IMPORTANT NOTICE: This information sheet does not constitute medical advice or guidance. Its purpose is to give general information about how we work at Beira’s Place and how we deliver our service to survivors. Beira’s Place is not a medical service and cannot diagnose physical or mental health conditions.

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Defining ‘trauma informed practice’

Trauma informed practice is “A model that is grounded in and directed by a complete understanding of how trauma exposure affects service users’ neurological, biological, psychological, and social development.”

The impact of trauma on the physical and mental health of survivors has been known and understood for decades with work done by practitioners and researchers from Abraham Kardiner’s 1941 publication ‘Trauma Neuroses of War’, to the latter part of the 20th century with Judith L Herman[1], Bessel van der Kolk[2], Peter Levine[3], Gabor Mate[4], Liz Kelly[5], Nancy Lombard[6], and Janina Fisher[7], as well as the seminal research carried out by Lori Heise et al on behalf of the World Bank in 1994, ‘Violence Against Women: The Hidden Health Burden (World Bank discussion paper No 255)’. These are just a few of the trauma experts in the US and the UK who have contributed to our understanding of the impact of trauma on the physical and mental health of trauma survivors.

Across services, including healthcare, criminal justice, social work and welfare benefits, and counselling and support services, we come into contact with trauma survivors every day we are at work. Not only are trauma survivors using these statutory and third sector services but with current estimates from the United Nations showing a figure of 1 in 3 women worldwide experiencing some form of physical, sexual, or emotional abuse in their lifetimes, we will know trauma survivors in our families, friendship groups, and workplaces.

Understanding trauma and the short and long term impact it has on the lives of survivors, can not only improve our work practice and provide better services for trauma survivors, but adopting trauma informed practice in all aspects of our lives, can improve our interactions with everyone with whom we have contact.

“The journey towards becoming a trauma informed organisation will require organisations to move beyond their traditional models of service delivery and to re-evaluate their entire organisational practices and policies through a trauma informed lens. As part of this reconceptualization of services, organisations will need to reframe complex behaviours as potential responses to trauma related triggers and will be required to prioritise the building of trusting, mutual relationships above all else.”

Scottish Government National Trauma Training programme; Trauma Informed Practice: Toolkit (March 2021)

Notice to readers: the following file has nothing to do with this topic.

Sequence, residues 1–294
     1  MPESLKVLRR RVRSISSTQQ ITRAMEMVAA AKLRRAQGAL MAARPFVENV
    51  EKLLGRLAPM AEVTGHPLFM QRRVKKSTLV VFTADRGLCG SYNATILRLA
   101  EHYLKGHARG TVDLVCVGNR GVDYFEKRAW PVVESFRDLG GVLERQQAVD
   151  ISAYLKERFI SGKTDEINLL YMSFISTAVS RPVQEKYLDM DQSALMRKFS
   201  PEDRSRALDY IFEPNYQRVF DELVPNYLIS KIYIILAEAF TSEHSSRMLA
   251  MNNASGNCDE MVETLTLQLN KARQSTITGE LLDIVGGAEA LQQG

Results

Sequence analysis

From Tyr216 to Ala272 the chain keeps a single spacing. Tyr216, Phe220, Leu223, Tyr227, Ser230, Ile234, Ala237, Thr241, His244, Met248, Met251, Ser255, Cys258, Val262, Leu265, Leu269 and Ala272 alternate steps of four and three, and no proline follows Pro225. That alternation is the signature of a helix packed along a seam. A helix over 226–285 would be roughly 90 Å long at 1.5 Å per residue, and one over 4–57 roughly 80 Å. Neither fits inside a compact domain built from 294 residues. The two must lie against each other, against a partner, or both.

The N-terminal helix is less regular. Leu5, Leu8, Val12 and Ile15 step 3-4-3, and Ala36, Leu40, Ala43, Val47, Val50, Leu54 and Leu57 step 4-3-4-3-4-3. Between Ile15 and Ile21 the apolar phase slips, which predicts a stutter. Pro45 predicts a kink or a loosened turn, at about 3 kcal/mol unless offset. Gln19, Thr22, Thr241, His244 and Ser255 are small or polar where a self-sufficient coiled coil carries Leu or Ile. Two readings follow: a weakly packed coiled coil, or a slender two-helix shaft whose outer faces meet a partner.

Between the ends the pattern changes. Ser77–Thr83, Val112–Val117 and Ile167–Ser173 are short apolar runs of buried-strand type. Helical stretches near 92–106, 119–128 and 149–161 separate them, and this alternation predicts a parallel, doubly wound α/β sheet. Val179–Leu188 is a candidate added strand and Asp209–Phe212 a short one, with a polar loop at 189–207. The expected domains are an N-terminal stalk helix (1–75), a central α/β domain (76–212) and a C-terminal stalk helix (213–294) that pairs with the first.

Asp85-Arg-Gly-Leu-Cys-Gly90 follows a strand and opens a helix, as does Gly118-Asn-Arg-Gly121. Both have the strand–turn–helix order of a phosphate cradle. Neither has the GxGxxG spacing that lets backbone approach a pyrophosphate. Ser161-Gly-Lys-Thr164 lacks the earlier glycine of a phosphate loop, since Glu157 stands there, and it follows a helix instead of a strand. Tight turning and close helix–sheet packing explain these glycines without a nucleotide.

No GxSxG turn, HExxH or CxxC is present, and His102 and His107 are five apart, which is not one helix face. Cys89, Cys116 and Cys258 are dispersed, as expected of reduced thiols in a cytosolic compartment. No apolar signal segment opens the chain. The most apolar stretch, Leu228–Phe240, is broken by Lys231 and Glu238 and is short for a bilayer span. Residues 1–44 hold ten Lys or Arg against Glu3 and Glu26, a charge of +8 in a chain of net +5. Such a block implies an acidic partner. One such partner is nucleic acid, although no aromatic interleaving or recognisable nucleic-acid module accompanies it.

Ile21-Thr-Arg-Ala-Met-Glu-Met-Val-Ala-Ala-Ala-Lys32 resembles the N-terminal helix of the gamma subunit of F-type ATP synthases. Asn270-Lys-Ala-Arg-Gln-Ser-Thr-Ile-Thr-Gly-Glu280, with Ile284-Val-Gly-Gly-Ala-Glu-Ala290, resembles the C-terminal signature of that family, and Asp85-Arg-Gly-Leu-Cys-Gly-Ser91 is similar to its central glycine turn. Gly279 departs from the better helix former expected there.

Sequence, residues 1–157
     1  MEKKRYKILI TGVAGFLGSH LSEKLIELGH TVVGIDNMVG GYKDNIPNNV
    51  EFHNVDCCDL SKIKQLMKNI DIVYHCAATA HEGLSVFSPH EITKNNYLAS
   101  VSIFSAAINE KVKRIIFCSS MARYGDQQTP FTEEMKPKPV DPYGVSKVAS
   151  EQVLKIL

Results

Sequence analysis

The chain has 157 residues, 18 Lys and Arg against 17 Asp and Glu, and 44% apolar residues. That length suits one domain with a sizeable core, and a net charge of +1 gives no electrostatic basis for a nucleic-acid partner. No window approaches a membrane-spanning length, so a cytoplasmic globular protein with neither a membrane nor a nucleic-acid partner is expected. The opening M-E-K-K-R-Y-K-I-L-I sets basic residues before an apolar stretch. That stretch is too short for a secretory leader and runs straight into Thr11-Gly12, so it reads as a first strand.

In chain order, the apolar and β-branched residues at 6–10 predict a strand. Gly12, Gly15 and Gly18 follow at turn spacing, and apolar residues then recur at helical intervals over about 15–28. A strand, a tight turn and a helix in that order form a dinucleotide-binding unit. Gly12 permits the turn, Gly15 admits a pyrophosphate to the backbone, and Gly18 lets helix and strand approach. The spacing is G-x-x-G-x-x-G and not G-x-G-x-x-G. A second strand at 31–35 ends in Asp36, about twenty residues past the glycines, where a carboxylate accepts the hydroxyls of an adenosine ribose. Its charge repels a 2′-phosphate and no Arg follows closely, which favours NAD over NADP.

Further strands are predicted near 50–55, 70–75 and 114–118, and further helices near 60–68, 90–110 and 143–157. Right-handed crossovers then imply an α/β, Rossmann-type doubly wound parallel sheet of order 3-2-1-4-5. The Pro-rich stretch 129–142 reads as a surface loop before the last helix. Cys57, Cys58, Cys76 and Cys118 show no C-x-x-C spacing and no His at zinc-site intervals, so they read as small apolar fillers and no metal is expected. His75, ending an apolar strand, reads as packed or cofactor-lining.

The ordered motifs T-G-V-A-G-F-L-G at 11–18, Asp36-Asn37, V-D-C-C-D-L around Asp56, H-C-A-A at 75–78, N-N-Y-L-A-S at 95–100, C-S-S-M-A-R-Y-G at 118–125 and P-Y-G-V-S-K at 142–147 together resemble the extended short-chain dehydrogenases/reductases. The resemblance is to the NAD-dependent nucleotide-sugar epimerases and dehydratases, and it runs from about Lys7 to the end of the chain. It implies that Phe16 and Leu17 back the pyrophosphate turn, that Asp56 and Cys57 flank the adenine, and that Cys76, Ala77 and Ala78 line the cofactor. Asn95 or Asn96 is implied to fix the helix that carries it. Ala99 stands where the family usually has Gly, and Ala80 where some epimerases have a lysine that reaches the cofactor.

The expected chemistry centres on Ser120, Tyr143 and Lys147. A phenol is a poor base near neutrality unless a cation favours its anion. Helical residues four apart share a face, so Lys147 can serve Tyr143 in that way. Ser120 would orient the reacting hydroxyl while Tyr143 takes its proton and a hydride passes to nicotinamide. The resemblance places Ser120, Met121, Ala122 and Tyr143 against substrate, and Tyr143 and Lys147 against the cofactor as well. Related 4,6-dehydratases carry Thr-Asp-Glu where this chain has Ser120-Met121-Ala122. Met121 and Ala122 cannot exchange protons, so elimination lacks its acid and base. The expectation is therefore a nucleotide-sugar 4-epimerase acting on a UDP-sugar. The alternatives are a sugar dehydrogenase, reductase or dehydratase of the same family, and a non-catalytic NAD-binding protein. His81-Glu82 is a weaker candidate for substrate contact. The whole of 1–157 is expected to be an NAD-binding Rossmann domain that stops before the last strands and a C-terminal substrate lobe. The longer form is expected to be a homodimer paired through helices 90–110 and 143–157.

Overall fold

What does a trauma informed service look like?

A trauma informed service has a workforce that can define trauma, and understands the widespread impact it has on people and seeks to actively resist retraumatising those who are trauma survivors.

Harris and Follot (2001) stated that trauma informed means “… to understand the role that violence and victimisation play in the life of most consumers of … services and to use that understanding to design services and systems that accommodate the vulnerabilities of trauma survivors and allow services to be delivered in a way that will facilitate consumer participation in treatment.”

Services can become ‘trauma informed’ in that they can respond to issues other than trauma (such as homelessness, substance misuse, criminal justice, mental health services) by building capacity within those services or systems where trauma survivors may present. The root cause of the trauma may not be the presenting issue

But regardless of the service’s main focus for service delivery, a trauma informed response commits to providing services in a way that is welcoming and appropriate to the specific needs of the individual trauma survivor.

Trauma survivors often have increased sensitivity to cues of threat, may be hypervigilant and alert to potential harm. As sexual violence robs the survivor of any measure of control, it’s vital that the survivor has control over some aspects of the service and decisions about her treatment, or the service being provided.

For example, a forensic medical examination can be a terrifying experience for rape or child sexual abuse survivors. The power differential, being asked to remove clothing or having an invasive examination could lead to a flashback to the traumatic incident or to earlier traumatic experiences. This can result in survivors shying away from reporting or even speaking out about sexual violence trauma.